SMS Length and Encoding

This chapter provides guidelines on the ideal SMS character length and encoding

SMS Character Limit

The differences between single-part and multi-part SMS messages.

Background - GSM Encoding

The most commonly used encoding for SMS is the GSM-7 (Global System for Mobile Communications) character set defined by the GSM 03.38 standard.

The GSM-7 character set allows the following characters:

@ΔSP0¡P¿p
£_!1AQaq
$Φ"2BRbr
¥Γ#3CScs
èΛ¤4DTdt
éΩ%5EUeu
ùΠ&6FVfv
ìΨ'7GWgw
òΣ(8HXhz
ÇΘ)9IYiy
LFΞ-:JZjz
ØESC-;KÄkä
øÆ,<LÖlö
CRæ-=MÑmñ
Åß.>NÜnv
åÉ/?O§oà
  • LF is a Line Feed control.
  • CR is a Carriage Return control, or filler.
  • ESC is an Escape to extension table (maps to NBSP).
  • SP is a Space character.

There are also some characters in the GSM 03.38 Extension set that can be used for the cost of two characters:

| ^ € { } [ ] ~

📘

Unicode SMS

If you use a character outside of the GSM-7 set, the SMS type will need to be set as a Unicode. Unicode SMS limits the length of the SMS to 70 characters because of the different character encoding.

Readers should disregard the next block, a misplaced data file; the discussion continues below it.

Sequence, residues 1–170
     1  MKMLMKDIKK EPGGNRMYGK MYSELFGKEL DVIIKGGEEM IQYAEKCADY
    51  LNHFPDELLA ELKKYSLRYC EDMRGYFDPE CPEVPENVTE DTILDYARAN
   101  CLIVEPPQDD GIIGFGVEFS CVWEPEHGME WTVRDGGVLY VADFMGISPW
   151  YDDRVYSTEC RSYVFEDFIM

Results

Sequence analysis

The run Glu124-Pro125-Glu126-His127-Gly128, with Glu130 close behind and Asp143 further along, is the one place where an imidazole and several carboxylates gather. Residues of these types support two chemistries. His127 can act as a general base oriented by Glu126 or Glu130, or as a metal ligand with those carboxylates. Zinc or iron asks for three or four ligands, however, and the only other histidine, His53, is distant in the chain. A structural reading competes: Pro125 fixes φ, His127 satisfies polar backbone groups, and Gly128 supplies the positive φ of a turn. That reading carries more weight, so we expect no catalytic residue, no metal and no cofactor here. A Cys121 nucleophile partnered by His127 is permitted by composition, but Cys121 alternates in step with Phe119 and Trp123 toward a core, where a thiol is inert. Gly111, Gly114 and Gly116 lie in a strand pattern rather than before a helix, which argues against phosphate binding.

Single vs Multi-Part SMS

Using GSM-7 characters, the character limit for a single SMS message is 160 characters, however, most modern devices support SMS message concatenation, or multi-part messages.
When an SMS is sent with more than 160 characters (or 70 characters for Unicode), the message is split up into multiple message parts and are sent to the recipient's device separately. In order to concatenate the messages back together on the device, some characters are used to tell the device how they 'stitch together', allowing the message to appear as one, and in order, on the device. This affects how many characters are available in each message part:

Message PartsGSM-7 Character LimitUnicode Character Limit
116070
2306134
3459201
4612268
5765335

📘

Please refer to the Messaging API v2 chapter as it is recommended version of the SMS API.